Unsettlingly, despite the features that make the Green Knight distinctly not human, his existence as the ‘knight’ who is ‘green’ portrays him as a human. This makes his existence paradoxical – he is a symbol of elemental forces, yet only ever referred to as a man or human. He might be a “mountain” but is still a “man”; a “hulk” but still a “human.” This paradox seems uncomfortable in that his supposed humanity exacerbates Gawain and the other Arthurian knights’ shortcomings in comparison to him. By being a human and still yielding such power in his immortality despite being beheaded, the limitations of the human condition are further exposed. I hoped to capture this disturbing dichotomy by using leaves to depict the “veritably verdant” (line 161) quality of the knight while using pieces of a green plastic bag as the model’s sleeves and pants. Plastic waste is a human creation that serves to destroy wildlife and natural habitats. Even placing the plastic beside the leaves seemed strange – I was juxtaposing an emblem of nature beside a token of the destruction that humanity is capable of. Meditating on this, I realized I wanted to nuance this dichotomy further. I took artistic liberty to include a braided red chain around the model’s waist to depict the holly sprig the Green Knight holds as a symbol of eternal life. The model is also headless – his head lies attached to his hand, wrapped in green plastic with the same red string tied around it. I particularly enjoyed the irony in this image: the plastic seems to be suffocating the knight’s head, mirroring dark and gruesome images of modern-day murders, in much the same manner that humanity is destroying the environment. The shoelessness of the model – the only depiction of vulnerability the Green Knight bears in the story – adds to the sense of hopelessness and fragility of the human condition. However, the red strings symbolize the eternal life of the Green Knight. Understanding his immortality against his portrayal as a human being allows for a deeper appreciation of his otherworldly powers far beyond human capacity. Creating these layers of paradoxes to emphasize the Green Knight’s powers above that of humanity proved to be a humbling parallel to Gawain’s fear in facing his mortality in his challenge with the Green Knight.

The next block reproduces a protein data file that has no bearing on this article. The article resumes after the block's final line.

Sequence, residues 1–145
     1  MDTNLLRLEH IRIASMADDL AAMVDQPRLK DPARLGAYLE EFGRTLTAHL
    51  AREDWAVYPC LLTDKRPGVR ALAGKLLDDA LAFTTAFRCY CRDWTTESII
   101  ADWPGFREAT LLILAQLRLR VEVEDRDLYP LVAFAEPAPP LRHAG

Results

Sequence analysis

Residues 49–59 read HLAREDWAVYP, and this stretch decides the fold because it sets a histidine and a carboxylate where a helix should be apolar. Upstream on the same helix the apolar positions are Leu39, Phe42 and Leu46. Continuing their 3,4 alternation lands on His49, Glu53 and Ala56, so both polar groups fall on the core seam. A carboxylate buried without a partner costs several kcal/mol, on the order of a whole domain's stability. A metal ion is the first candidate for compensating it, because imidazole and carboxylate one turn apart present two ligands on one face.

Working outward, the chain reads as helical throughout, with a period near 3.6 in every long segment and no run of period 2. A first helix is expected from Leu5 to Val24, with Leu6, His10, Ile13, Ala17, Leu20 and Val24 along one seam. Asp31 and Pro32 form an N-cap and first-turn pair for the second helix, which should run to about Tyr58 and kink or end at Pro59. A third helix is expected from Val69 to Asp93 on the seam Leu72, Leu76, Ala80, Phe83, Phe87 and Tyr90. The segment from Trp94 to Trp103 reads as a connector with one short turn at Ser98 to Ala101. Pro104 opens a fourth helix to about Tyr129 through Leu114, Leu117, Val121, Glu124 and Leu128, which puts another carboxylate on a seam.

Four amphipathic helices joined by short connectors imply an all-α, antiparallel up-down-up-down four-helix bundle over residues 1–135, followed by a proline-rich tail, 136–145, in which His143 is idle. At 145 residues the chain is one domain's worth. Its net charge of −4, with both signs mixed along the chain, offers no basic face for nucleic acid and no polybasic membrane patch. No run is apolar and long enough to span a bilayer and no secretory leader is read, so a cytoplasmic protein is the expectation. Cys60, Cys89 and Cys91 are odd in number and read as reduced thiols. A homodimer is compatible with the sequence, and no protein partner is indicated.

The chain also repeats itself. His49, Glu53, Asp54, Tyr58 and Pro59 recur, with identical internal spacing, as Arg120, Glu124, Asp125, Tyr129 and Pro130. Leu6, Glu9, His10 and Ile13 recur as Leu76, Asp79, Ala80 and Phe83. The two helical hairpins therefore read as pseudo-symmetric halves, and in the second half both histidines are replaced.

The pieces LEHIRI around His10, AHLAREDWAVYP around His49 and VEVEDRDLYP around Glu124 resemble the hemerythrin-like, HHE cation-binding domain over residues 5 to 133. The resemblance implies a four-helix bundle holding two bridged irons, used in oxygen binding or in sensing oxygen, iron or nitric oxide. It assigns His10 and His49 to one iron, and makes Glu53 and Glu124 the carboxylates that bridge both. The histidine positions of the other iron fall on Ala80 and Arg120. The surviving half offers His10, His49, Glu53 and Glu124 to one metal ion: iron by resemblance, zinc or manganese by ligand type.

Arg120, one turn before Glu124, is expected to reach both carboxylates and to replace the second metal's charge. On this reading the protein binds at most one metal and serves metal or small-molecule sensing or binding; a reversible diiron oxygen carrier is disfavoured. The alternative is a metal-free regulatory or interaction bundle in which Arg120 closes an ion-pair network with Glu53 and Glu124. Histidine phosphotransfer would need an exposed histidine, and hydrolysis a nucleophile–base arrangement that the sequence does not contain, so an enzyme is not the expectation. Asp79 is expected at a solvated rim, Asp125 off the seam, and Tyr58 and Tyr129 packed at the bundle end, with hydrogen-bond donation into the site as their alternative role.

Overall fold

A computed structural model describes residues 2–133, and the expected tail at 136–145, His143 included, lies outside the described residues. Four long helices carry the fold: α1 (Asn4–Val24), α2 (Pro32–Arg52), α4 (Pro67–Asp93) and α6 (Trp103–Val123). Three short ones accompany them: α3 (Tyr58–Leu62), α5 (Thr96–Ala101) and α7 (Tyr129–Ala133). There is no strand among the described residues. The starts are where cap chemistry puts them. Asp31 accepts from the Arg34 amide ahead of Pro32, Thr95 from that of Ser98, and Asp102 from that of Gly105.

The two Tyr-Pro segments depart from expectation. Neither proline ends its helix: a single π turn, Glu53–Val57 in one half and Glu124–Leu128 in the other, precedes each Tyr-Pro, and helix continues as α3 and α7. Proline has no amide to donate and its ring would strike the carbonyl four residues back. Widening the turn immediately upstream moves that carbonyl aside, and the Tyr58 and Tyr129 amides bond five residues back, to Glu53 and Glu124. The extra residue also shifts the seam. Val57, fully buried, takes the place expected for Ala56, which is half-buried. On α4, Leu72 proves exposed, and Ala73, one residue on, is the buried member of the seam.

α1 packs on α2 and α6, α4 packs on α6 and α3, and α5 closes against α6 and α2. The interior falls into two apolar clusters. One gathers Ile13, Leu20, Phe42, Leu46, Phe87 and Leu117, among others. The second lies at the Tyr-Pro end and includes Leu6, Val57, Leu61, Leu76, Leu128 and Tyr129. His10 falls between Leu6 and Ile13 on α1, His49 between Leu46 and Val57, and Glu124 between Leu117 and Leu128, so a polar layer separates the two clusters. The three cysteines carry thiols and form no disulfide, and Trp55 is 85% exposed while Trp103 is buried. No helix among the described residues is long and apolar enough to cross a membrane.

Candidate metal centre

Ultimately, I believe this reflection has become a record of the questions I grappled with in trying to create this knight. There was a lot I wanted to do but could not end up doing, or I had to choose to do something over another. Mostly, it was out of my capacity to bring to life my ideas precisely as I envisioned them. At the end of this project, I now realize that this, in itself, is a lesson I’ve learned from the Green Knight. Embarking on this project led me to deep meditation on the limits of human capacity. In the same way that the Green Knight epitomized the shortcomings of Sir Gawain by constantly reminding him – taunting him even – of his mortality as a human, I now see that creating this model has taunted me with my own limitations as a human attempting to recreate the true essence of the mystical being of the natural world that is the Green Knight. 


Armitage, Simon, trans. (2009) Sir Gawain and the Green Knight. W.W. Norton & Company.